For the first 4-6 months of a baby’s life, he or she is on a strict diet of breast milk or formula. My Tiny Dancer totally rejected a bottle so her pediatrician suggested starting her out on a sippy cup and solids at four months. It was a bit early, but we had to try to free me (and my boobs) up a little bit.
When we first introduced solids it took a while for the Tiny Dancer to get the hang of it. It’s a totally new experience and sensation for babies and eating is a new skill so it can take some time for babies to learn how to eat. The Tiny Dancer slowly got the hang of it and was eating ok and then suddenly, she just stopped. She would seal her lips shut and look at me defiantly and would not budge! After a few weeks of this the pediatrician suggested seeing an occupational therapist to make sure there weren’t any physical issues impeding the Tiny Dancer’s ability to take a bottle or eat solids.
At my first meeting with the occupational therapist, I had to replicate the problem I was having at home. I prepared the usual meal and braced myself for the food that I was sure to be spit back at me. I started feeding the Tiny Dancer and instead of sealed lips I found a mouth wide open. Not only did she eat, she was chasing my hand around with a mouth gaping open, waiting for the next spoon full. She never did that at home! The therapist was shocked and happy because most of the kids she sees will eat dirt and not food so we were happy that the Tiny Dancer didn’t have any issues – she was just stubborn (I knew this when I found out she would be a Taurus – the teenage years should be quite fun).
The meeting with the occupational therapist wasn’t for nothing – I did get some good tips. They apply to most babies so I thought I would share.
1. Make sure the baby is hungry to start out – Not crying hysterical hungry, but don’t feed the baby earlier than their next feeding otherwise they won’t eat that much (or at all).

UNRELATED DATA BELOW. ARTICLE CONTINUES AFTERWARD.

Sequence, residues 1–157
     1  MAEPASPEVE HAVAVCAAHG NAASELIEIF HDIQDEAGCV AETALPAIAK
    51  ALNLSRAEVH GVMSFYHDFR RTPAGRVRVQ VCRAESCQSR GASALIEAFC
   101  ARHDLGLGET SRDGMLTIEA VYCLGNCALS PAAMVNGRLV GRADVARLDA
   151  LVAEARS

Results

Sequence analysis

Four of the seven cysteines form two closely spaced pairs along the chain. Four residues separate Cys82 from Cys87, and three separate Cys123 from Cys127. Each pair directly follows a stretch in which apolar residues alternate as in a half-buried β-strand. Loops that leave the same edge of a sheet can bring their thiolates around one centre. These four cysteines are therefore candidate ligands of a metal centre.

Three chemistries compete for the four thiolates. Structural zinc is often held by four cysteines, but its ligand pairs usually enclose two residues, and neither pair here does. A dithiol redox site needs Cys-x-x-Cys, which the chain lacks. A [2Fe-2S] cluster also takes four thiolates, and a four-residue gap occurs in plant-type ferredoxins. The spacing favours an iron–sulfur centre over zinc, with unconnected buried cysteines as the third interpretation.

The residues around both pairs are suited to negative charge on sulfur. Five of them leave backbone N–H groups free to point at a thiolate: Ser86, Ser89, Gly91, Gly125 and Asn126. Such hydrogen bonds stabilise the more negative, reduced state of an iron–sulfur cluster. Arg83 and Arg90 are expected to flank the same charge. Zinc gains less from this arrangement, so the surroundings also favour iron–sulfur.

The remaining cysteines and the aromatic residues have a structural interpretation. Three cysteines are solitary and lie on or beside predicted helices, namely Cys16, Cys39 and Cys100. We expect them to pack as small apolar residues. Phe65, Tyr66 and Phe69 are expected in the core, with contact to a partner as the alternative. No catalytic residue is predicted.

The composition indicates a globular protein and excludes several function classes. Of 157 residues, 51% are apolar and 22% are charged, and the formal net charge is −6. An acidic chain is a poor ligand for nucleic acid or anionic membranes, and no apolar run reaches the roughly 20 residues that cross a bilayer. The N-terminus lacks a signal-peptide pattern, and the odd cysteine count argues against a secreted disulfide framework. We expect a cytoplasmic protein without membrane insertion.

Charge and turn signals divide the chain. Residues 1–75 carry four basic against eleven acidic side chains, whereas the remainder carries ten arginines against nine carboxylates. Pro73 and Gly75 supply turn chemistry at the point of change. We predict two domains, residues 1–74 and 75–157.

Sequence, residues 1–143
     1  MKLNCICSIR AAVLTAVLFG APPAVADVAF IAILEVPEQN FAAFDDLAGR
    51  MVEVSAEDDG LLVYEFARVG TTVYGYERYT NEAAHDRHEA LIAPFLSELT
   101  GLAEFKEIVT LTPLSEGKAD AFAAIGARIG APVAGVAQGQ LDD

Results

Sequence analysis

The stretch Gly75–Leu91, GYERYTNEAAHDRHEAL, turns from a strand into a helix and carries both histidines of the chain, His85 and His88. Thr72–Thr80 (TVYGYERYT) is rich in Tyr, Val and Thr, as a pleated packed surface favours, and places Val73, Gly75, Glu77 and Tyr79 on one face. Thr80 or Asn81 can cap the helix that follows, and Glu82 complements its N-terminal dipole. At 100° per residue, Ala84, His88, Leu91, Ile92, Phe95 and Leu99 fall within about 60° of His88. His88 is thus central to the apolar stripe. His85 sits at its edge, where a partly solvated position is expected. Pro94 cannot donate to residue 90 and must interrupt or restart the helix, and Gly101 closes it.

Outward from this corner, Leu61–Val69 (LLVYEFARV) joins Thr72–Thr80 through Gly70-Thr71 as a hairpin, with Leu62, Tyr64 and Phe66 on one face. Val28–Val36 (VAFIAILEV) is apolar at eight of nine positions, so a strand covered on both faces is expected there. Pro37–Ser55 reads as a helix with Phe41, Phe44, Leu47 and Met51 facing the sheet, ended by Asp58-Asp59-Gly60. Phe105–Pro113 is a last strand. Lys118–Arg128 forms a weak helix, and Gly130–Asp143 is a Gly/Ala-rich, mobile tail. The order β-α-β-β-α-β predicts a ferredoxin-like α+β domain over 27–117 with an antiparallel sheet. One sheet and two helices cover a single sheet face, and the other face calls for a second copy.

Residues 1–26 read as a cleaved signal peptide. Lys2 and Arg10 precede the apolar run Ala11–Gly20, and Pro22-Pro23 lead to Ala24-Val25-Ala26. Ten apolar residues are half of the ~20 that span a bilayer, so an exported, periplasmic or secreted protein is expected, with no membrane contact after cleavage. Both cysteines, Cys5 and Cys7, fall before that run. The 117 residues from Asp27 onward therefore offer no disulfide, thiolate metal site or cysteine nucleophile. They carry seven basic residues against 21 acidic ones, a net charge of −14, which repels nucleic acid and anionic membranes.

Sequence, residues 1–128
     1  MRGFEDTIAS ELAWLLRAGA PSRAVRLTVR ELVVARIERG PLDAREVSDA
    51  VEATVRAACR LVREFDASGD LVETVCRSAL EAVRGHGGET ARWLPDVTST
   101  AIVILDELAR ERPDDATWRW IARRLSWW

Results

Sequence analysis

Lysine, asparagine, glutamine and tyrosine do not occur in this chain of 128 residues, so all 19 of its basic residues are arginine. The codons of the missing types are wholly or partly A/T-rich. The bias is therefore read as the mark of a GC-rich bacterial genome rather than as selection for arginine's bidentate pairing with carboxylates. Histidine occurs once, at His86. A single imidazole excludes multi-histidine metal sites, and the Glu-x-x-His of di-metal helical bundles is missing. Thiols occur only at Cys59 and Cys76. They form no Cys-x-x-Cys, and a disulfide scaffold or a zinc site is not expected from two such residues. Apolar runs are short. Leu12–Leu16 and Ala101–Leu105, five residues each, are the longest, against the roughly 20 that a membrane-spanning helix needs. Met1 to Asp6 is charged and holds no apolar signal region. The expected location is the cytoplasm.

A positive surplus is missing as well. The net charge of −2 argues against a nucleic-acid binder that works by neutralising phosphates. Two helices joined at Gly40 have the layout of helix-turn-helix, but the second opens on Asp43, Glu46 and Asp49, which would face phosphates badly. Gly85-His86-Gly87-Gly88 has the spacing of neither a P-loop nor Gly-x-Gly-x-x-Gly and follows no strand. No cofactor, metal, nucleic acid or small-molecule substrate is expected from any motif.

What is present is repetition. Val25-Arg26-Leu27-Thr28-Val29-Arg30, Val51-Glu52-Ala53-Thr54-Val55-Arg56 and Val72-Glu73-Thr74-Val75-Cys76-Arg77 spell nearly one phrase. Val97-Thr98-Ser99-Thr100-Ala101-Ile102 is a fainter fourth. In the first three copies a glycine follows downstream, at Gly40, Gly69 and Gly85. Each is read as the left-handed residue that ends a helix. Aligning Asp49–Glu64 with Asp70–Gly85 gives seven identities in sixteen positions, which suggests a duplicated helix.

2. Don’t overfill the spoon - Make sure there’s just enough for the baby to handle.
3. Don’t wipe after every spoon full - Yes, let your baby have food all over their face. They hate getting their face wiped constantly and it breaks the rhythm of the feeding. If you’re on a roll, go with it!
4. Let the baby explore – This is a new experience – let the baby learn and touch their food. It may look like playing with food, but it’s their way of exploring new things around them.
5. Don’t chase the baby around with the spoon – Just keep the spoon in place – if they keep turning their head, just stay put.
6. Distract with toys – but only one at a time. Don’t have 10 toys on the baby’s tray table – distract with one toy at a time. When they get tired of one toy, swap with another.
7. Positive Reinforcement! When they take a spoonfool, cheerlead! Yay! Woohoo! Applause!
8. Watch your expression. When baby is experiencing something new, they look to you to know whether it’s good or bad. As unappetizing as baby food is to us, if you are offering something that is good for them, make sure your face shows it. No scowling, or making eww faces – because then the baby will think it’s not good for them and that they should do the same.
9. Bad Behavior – The best way to not encourage behavior is by keeping a blank expression and not saying anything. At this age, the kids are so young that any expression (even if it’s a “No!” or sad face) will seem like encouragement because they are getting a reaction out of you. If they get no reaction, they will stop doing the bad behavior (ie, spitting food all over you!). If the no expression routine doesn’t work, step away for a second.
10. Reboot – Sometimes a feeding is going well and then all of a sudden the baby doesn’t want to eat anymore. But you know he/she’s hungry. Step away for a minute and start anew.
11. Be Patient - This is all new for the baby so be patient, and give them the time they need to learn. If you have a meltdown, the baby will have a meltdown. Stay calm and keep it fun and the baby will get the hang of it.
Of course all kids are unique and may have different needs. You should always get the ok from your baby’s pediatrician before starting on solids. These tips are just a guideline but you need to do what’s right (and what works) for your baby.